Please use this identifier to cite or link to this item:
Title: Strengthening of RC continuous beams by external prestressing
Authors: Tan, K.H. 
Tjandra, R.A.
Keywords: Continuous beams
Fiber reinforced polymers
Structural strength
Issue Date: 2007
Citation: Tan, K.H., Tjandra, R.A. (2007). Strengthening of RC continuous beams by external prestressing. Journal of Structural Engineering 133 (2) : 195-204. ScholarBank@NUS Repository.
Abstract: This paper presents the test results on 12 two-span continuous T-beams strengthened using different external tendon types and profiles and subjected to third-point loadings. Test results indicated that an increase in ultimate strength with sufficient ductility could be achieved using short tendons located over the critical sections. Such a strengthening scheme led to a more ductile beam behavior compared to those with continuous tendons over both spans or with draped tendons within each span. Parabolic tendons anchored beyond the interior support however effectively strengthened the negative moment region with improved ductility at ultimate limit state. Furthermore, beams strengthened with carbon fiber-reinforced polymers tendons showed similar response to those with steel tendons, while beams subjected to unsymmetrical loading suffered from larger deflections and lower ultimate load compared to those subjected to symmetrical loading. Theoretical predictions based on the concept of bond reduction coefficients were found to agree with the test results. Finally, a parametric study was carried out to establish design charts that can be used for the strengthening of continuous beams. A design example is presented to illustrate the use of the charts. © 2007 ASCE.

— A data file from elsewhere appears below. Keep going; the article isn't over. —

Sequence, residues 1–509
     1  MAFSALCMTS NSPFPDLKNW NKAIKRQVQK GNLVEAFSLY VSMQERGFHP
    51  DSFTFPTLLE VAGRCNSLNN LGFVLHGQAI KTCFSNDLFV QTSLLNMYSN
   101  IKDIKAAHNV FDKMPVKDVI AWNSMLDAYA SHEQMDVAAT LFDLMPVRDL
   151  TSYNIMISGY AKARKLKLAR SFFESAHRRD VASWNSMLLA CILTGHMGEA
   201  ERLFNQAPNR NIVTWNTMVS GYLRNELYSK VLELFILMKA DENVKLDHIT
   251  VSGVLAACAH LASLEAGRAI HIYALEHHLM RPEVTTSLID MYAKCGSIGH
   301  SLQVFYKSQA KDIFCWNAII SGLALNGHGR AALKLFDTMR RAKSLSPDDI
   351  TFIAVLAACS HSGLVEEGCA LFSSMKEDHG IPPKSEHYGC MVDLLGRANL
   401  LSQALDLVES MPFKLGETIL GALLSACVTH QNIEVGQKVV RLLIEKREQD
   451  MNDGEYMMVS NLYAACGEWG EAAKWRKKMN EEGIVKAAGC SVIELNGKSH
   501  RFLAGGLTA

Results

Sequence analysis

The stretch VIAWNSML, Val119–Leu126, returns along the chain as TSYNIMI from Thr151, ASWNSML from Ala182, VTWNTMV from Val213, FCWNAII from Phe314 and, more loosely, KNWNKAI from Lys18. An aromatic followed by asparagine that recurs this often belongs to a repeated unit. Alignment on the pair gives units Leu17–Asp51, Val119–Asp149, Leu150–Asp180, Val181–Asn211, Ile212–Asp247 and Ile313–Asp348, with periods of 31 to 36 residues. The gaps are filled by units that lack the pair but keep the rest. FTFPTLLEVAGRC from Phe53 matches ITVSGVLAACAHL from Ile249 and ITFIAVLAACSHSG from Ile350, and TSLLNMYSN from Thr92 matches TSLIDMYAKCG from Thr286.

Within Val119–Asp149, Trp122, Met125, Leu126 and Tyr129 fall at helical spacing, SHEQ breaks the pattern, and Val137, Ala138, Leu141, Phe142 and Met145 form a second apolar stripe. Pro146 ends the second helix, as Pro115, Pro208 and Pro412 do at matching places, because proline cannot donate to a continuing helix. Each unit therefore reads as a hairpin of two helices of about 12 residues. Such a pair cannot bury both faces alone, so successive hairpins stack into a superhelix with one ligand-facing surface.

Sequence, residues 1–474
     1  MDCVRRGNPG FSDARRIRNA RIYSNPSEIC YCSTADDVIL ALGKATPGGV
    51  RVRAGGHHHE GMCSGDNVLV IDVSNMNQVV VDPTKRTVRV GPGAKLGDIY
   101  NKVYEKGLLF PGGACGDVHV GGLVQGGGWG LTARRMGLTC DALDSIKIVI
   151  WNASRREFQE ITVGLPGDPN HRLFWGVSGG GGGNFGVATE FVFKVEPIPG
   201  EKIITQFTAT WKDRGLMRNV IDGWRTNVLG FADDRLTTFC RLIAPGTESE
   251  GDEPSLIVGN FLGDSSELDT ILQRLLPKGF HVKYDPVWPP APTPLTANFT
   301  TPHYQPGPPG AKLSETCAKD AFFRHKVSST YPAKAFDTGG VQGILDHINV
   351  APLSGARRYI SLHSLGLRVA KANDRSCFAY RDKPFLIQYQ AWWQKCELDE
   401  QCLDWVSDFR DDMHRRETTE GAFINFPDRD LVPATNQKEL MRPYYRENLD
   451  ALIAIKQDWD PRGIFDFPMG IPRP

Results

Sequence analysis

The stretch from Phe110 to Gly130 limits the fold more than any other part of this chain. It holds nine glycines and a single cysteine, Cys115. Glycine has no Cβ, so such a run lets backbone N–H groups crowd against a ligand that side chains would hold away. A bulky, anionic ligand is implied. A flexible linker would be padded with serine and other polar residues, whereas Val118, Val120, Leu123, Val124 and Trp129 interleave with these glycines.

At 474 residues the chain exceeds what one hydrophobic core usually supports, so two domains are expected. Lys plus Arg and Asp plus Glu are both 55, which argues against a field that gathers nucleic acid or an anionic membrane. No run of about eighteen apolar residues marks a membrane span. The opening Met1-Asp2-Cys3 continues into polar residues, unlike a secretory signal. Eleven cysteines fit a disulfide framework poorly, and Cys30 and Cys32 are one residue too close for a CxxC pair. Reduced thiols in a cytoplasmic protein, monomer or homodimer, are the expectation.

Source Title: Journal of Structural Engineering
ISSN: 07339445
DOI: 10.1061/(ASCE)0733-9445(2007)133:2(195)
Appears in Collections:Staff Publications

Show full item record
Files in This Item:
There are no files associated with this item.


checked on Jan 31, 2023


checked on Jan 24, 2023

Page view(s)

checked on Feb 2, 2023

Google ScholarTM



Items in DSpace are protected by copyright, with all rights reserved, unless otherwise indicated.